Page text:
There was also a kind of dawning realisation of how vulnerable organisations all over the globe are to cyber criminals.
The WannaCry attack targeted Microsoft's Windows operating system using malicious software or "ransomware". It blocked access to computer systems and demanded that victims pay money via the crypto currency bitcoin.
The world's biggest software maker was quick to point the finger of blame at the US government. But some experts say Microsoft is accountable too for the way in which it charges for new versions of its software.
With our lives becoming increasingly connected to the internet, are we likely to see the growth of things like cyber insurance? How do we even start to put a price on our data? And do governments themselves have to start budgeting to protect their populations from cyber extortion?
Our technology editor Tarek Bazely reports on the global nature of the latest threat. And Stijn Vande Casteele, the co-founder and CEO of Brussels-based Internet security company Sweepatic, joins us from Brussels.
Also on this episode of Counting the Cost:
WiFi on a plane: Why is it so difficult to get online on an airplane and could that be about to change? If you've ever used airplane WiFi, it was probably incredibly slow and very expensive. Currently not every flight offers it and if you do get online - connectivity can be poor.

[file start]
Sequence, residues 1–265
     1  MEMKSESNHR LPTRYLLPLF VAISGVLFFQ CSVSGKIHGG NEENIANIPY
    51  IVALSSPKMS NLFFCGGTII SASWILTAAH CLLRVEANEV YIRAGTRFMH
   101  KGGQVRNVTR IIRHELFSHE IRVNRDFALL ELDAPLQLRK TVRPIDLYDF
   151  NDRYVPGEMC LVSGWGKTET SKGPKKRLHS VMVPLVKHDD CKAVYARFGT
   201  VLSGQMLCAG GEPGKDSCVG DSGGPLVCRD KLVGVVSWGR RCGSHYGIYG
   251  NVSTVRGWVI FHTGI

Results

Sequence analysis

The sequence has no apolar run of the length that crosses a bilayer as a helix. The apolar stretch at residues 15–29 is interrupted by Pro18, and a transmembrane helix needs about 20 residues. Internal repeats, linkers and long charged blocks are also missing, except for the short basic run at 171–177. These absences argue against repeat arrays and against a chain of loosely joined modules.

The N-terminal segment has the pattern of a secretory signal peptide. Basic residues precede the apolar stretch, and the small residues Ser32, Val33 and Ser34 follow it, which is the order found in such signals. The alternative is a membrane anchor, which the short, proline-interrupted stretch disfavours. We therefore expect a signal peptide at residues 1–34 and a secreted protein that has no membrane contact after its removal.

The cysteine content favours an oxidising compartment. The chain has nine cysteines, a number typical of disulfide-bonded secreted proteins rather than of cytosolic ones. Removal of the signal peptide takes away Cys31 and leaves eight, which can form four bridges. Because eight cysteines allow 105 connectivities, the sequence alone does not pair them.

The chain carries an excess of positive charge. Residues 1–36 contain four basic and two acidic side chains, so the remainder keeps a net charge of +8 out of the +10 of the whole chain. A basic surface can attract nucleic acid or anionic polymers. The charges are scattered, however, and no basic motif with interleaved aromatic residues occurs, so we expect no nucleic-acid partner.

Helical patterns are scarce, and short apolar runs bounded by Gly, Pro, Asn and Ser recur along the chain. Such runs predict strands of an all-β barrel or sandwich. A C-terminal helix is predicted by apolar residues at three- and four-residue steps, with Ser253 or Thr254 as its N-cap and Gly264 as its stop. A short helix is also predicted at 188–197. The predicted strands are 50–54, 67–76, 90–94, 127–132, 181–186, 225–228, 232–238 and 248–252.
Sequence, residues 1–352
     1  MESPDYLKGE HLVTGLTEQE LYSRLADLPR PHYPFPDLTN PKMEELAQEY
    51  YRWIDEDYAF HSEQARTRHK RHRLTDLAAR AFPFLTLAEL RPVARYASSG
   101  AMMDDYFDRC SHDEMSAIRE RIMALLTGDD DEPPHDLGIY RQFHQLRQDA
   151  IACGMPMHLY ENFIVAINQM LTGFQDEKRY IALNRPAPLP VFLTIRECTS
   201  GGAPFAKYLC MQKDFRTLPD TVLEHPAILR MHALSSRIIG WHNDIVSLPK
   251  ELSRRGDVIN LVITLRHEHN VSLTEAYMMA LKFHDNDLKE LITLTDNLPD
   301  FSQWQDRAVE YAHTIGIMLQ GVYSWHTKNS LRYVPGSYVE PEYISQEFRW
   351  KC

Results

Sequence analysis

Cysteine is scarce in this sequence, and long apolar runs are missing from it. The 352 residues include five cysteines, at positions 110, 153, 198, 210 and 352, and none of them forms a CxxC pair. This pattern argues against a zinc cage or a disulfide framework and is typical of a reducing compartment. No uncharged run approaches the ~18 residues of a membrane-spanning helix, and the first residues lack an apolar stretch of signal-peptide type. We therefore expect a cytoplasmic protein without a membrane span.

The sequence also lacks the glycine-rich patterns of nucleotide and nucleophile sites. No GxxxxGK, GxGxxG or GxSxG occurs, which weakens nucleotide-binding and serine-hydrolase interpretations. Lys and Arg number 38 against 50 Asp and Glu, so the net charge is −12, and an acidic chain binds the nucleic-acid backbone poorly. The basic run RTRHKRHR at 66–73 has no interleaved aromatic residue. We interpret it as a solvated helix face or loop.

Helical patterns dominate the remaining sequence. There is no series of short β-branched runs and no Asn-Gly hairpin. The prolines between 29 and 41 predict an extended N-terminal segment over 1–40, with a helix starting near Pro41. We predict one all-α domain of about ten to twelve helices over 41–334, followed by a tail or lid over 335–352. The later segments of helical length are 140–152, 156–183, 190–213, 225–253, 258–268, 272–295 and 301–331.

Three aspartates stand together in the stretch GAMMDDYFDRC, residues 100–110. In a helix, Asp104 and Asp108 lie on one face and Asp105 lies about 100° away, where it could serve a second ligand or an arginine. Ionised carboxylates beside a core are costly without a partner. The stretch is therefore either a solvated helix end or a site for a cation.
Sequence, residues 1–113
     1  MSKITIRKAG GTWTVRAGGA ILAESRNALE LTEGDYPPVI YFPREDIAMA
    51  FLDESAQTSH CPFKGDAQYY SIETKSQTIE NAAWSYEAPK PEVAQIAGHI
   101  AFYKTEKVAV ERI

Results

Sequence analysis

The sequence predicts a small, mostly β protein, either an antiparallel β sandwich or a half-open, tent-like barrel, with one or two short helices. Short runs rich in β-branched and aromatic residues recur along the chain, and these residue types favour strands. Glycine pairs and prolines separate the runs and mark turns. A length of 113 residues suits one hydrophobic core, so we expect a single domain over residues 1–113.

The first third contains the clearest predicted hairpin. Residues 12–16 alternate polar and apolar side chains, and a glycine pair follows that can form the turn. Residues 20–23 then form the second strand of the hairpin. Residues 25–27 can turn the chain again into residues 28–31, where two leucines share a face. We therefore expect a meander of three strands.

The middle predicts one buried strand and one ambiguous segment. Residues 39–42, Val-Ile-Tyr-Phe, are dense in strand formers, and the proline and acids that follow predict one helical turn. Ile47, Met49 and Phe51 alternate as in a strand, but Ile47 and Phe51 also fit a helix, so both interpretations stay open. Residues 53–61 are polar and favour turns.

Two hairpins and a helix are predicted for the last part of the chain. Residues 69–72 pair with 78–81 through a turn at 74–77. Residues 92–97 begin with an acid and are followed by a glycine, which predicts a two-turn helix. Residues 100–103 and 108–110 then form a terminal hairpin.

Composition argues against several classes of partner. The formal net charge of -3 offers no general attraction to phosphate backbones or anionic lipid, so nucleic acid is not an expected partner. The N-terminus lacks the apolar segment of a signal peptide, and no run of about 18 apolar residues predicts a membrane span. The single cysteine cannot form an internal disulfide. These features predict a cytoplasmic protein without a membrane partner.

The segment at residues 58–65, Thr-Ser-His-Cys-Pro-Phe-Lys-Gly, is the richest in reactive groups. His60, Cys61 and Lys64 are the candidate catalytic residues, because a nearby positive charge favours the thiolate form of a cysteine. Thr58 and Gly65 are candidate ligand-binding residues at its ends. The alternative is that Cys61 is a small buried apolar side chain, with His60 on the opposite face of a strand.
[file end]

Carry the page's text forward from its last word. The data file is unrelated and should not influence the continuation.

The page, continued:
If we look at the global state of the in-flight WiFi, passengers from the United States have a 66 percent chance of getting WiFi connection, while the rest of the world has only 24 percent.
But communications firms say over half the world's aircraft will be equipped for in-flight WiFi within the next six years using signals from satellites. But with more customers getting online on planes, what about security? How vulnerable to attack are the networks that keep planes in the sky?
Ben Griffen, a regional director at Inmarsat aviation, joins Counting the Cost.
OPEC vs the US shale producers: Oil has been a hot topic ahead of the OPEC meeting on May 25. For the last six months we've had a production cut in place. Compliance has been very good, it's been around 90 percent and the big hope is that will continue.
Now Saudi Arabia and Russia have said that they want global producers to continue with the cuts through to 2018. But seasonal factors which helped boost compliance in the first half of this year are fading away. And OPEC is struggling to maintain its dominance over US shale producers.
Can the world's top producers prevent another collapse in the price of crude?
Richard Mallinson joins us from Energy Aspects in London to discuss whether OPEC can keep oil prices buoyed.